said, that the explanation of the hon. and learned Attorney General appeared to be satisfactory as respected persons accused; but the convention also contained a provision that fugitives convicted of crime should be given up on a copy of the conviction being produced. Some further safeguards were necessary.


said, he thought there was great force in what had fallen from the hon. Gentleman (Sir Francis Goldsmid). In foreign countries a man might be convicted of crime in his absence par contumace. A man who was a political refugee might be convicted of any crime in his absence. There ought to be something to guard against a conviction such as that. If he understood the Attorney General, the learned Gentleman stated that a man could not be given up unless a magistrate here was satisfied that the circumstances were such that the man would be convicted of the crime if the circumstances occurred in this country. But take the case of burglary. That was a technical crime, and must be committed in certain hours between night and morning. Was it meant that the same circumstances which constituted the crime of burglary in this country must be proved in every case under the treaty?


said, he had no hesitation in saying that the circumstances required in this country must be proved in order to justify extradition.


said, he wished to know if there was any difference between the treaty and other extradition treaties which we had concluded with foreign countries. The other treaties had worked well, and inasmuch as we had not been called upon to give up under them political offenders or persons who had been engaged in insurrection, he did not see that there was any objection to that before the House, if it was similar to the rest. An answer to that question would, he thought, prevent the discussion being protracted.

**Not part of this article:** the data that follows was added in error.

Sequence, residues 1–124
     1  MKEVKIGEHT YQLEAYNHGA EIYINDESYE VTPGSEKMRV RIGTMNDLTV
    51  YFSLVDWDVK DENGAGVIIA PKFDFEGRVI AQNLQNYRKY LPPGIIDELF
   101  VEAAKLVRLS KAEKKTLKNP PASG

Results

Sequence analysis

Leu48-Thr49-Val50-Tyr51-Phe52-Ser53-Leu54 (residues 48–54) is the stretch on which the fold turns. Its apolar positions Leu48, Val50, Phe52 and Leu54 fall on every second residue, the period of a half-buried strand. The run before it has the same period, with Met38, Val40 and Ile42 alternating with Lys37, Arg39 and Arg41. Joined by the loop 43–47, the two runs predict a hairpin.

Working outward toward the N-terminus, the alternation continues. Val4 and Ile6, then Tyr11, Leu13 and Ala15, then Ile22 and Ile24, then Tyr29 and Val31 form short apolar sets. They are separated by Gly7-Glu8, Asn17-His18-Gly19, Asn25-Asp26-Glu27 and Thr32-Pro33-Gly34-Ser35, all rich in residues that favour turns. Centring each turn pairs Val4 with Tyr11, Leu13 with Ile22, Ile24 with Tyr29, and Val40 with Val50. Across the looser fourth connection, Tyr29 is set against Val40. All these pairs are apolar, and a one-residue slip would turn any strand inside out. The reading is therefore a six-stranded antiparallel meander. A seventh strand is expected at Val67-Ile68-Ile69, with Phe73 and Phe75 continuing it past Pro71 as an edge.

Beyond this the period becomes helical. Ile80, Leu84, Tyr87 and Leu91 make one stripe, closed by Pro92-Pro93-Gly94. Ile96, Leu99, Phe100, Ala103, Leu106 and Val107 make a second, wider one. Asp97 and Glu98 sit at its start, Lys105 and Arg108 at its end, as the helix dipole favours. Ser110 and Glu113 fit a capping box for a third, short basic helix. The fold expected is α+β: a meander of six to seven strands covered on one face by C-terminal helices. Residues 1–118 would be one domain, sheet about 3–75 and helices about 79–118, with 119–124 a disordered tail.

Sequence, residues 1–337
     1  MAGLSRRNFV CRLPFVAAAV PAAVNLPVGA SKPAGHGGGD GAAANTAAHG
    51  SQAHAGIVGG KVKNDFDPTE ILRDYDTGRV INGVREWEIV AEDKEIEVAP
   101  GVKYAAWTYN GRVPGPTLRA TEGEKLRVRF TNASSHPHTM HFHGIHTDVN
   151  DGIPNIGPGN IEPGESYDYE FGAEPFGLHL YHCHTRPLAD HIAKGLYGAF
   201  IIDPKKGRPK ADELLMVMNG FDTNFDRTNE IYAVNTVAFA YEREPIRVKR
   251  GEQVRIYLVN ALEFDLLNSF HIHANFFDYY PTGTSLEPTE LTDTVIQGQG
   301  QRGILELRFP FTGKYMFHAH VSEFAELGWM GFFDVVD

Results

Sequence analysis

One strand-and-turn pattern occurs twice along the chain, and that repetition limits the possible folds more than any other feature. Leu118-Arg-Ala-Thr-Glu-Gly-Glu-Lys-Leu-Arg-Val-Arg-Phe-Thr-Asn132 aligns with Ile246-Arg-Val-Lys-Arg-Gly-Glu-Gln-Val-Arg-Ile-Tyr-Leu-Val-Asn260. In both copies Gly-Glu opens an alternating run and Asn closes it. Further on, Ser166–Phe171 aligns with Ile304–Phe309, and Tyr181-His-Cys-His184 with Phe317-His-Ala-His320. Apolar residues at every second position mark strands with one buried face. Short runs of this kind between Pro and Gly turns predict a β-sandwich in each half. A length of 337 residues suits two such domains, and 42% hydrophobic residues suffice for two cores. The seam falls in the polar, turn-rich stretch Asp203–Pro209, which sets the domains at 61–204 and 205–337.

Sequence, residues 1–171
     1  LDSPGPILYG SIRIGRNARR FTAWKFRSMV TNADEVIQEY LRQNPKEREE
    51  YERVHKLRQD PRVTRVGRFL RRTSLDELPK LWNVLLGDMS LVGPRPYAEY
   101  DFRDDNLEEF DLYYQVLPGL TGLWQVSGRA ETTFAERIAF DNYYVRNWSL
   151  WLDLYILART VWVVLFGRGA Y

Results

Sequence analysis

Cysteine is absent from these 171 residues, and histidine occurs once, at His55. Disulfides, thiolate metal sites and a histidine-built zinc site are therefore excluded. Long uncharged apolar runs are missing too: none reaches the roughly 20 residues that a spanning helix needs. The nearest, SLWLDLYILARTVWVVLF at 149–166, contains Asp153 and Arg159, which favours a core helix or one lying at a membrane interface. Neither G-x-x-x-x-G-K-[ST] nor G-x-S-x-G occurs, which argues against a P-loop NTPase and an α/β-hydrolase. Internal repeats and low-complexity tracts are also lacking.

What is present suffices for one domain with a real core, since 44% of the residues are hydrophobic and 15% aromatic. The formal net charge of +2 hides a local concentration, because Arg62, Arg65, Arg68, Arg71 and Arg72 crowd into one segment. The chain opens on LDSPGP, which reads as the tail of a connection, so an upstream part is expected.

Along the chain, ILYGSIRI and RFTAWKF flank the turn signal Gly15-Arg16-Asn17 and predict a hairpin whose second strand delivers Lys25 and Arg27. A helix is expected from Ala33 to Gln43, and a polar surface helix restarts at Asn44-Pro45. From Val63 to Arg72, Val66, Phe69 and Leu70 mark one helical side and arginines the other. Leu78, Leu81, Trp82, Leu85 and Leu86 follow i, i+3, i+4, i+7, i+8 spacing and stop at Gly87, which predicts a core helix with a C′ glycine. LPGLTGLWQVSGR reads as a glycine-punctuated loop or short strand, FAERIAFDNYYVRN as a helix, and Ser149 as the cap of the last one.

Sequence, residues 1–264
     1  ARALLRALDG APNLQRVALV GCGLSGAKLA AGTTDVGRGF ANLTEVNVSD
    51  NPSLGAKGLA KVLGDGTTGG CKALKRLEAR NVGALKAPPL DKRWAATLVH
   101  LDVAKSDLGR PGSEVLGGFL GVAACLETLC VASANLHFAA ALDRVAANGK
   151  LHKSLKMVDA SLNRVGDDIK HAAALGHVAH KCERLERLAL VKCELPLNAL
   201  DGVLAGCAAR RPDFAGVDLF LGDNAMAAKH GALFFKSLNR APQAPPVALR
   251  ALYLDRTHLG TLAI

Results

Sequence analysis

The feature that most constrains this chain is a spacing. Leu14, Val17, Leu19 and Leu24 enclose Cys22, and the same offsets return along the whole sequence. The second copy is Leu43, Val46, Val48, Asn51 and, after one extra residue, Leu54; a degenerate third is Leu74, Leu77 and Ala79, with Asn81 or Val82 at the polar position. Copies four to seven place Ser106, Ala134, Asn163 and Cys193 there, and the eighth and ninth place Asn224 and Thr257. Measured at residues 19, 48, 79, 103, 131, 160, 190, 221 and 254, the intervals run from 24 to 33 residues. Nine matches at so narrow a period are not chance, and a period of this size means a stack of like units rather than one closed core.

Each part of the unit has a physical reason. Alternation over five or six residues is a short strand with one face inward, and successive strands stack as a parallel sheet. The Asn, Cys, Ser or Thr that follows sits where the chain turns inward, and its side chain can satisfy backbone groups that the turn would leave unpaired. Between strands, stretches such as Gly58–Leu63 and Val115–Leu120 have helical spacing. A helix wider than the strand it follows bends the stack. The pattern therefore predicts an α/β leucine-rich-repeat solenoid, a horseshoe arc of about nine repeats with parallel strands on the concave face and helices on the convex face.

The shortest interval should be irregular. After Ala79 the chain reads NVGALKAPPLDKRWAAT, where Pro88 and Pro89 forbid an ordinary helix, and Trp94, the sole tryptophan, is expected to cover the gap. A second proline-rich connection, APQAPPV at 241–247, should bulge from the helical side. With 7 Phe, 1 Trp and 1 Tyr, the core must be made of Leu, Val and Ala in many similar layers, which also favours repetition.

I think the explanation given by my hon. and learned Friend the Attorney General ought to be sufficient. It is not true, as has been supposed, that a Foreign Government would send here and claim a man, requiring that a statement of his guilt should be taken without any further inquiry, and that its own explanation of its own law is td be the rule according to which a man should be given up. The treaty requires that proof shall be given to satisfy a magistrate that if the offence charged had been committed in this country, it would, according to our law, justify the committal of the man. Therefore, that clearly excludes any foreign interpretation of any crime under which a man can be claimed under the treaty in question. This treaty is exactly the same with what has been concluded with Denmark. I may state from my own knowledge, that in regard to the treaty with France difficulties have arisen, and complaints have been made by the French Government in consequence of the conditions attached to the delivery of the man. We have required that witnesses should come over, and that oral testimony should be given to prove that the man has committed in France a crime which in England would justify his committal. The French Government required that written documents should be sufficient. But this we have not admitted, and that has sometimes prevented our delivering up a French criminal claimed by the French Government. It is quite clear that no political offender could be claimed under this treaty. As to the notion that the fact of a man having been concerned in an insurrection would bring him in this country under the description of a murderer, that is really not for a; moment to be entertained. The laws of this country would not construe that to be murder which is simply being engaged in civil war against the Government of the country. Therefore, there can be no sort of apprehension that this treaty could be used for the purpose of enabling Foreign Governments—whether Prussia, or Russia, or any other—to claim a political offender. As to the assertion of the hon. and learned Gentleman (Mr. Hennessy) that political offenders may be claimed, as between Prussia and Russia, under the extradition treaty between those countries, that may be true, because the crime of insurrection may be a crime which under that treaty may justify one Government in claiming a refugee from another. It does not, however, follow that a political refugee can, under the operation of the English law, be claimed under the provisions of this treaty.